State laws that ban broadband investments by local governments need to be overturned to advance the interests of people who do not have high-speed-data service or can’t afford it, Sen. Frank Lautenberg (D-N.J.) said Tuesday.
About 14 states have imposed bans, leaving the broadband-access market to big commercial players like cable and phone companies, said Lautenberg, whose bill (S. 1294) with Sen. John McCain (R-Ariz.) would pre-empt those state measures.
“Our bill will protect the rights of towns like Scottsburg, Ind., where businesses threatened to leave because broadband wasn’t available,” Lautenberg said at the top of Senate Commerce Committee hearing on municipal entry into the broadband-access market.
Cable and phone companies have complained that local governments that regulate and tax them have inherent advantages that can be exploited in a way that would distort the market.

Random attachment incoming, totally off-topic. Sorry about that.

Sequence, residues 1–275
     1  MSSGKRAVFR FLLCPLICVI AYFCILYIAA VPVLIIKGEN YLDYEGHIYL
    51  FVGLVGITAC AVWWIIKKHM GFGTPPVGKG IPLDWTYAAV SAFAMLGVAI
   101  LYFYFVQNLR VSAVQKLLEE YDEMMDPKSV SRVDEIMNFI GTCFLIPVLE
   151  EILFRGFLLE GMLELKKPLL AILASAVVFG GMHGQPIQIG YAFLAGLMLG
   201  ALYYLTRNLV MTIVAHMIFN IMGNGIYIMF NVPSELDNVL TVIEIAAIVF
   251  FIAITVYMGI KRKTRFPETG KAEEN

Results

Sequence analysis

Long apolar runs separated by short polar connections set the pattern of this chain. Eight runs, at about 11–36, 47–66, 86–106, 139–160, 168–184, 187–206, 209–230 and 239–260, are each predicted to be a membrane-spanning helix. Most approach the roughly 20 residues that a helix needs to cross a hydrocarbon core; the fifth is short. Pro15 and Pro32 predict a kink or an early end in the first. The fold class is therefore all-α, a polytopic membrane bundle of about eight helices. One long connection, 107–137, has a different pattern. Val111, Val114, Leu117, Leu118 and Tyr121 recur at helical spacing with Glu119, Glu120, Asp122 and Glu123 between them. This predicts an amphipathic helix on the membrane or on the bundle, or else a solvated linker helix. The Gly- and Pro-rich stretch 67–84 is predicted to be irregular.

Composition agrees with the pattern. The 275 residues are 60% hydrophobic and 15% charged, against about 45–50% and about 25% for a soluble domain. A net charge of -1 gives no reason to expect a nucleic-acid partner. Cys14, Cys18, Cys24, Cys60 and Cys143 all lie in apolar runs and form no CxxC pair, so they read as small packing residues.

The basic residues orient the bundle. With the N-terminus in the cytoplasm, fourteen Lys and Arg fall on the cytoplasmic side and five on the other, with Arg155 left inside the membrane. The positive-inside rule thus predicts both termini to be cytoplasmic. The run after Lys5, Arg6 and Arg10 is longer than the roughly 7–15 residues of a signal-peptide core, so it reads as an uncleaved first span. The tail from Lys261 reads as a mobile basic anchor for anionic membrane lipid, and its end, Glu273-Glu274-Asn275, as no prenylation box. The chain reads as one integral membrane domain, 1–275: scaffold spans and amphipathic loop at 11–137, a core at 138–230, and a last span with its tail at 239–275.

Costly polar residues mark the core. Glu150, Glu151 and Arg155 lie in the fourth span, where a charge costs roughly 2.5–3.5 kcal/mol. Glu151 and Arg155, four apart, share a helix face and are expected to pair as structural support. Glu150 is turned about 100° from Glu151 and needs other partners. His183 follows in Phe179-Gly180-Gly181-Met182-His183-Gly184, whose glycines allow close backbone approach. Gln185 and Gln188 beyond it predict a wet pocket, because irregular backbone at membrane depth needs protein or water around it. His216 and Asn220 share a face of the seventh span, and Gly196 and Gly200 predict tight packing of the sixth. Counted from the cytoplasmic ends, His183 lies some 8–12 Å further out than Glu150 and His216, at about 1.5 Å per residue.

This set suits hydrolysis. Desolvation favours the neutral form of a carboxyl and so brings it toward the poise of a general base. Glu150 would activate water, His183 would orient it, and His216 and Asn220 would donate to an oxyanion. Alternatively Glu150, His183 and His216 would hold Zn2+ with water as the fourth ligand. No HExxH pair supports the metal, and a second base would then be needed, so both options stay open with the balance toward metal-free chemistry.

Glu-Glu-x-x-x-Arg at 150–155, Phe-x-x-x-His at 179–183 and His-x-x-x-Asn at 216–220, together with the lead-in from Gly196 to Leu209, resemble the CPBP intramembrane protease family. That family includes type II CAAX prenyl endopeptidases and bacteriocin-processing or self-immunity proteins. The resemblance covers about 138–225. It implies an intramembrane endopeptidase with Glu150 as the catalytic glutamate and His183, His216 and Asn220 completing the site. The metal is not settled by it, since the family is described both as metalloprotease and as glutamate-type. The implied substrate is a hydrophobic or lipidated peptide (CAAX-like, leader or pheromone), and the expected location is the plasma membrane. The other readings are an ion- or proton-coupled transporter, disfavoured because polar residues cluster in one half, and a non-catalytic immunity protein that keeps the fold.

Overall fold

“Local governments do not pay taxes,” said Douglas Boone, CEO of Premier Communications, who complained that even the threat of municipal entry enabled by Lautenberg’s bill would cause his company to think twice before investing in high-speed-data upgrades.
But Dianah Neff, chief information officer of the city of Philadelphia, said the city’s partnership with EarthLink Inc. -- an Internet-service provider with 5.3 million subscribers -- to provide wireless broadband at affordable rates citywide was a critical step to ensure that poor and low-income resident didn’t miss out on the Internet economy.
“We simply could not afford to wait any longer,” Neff testified.
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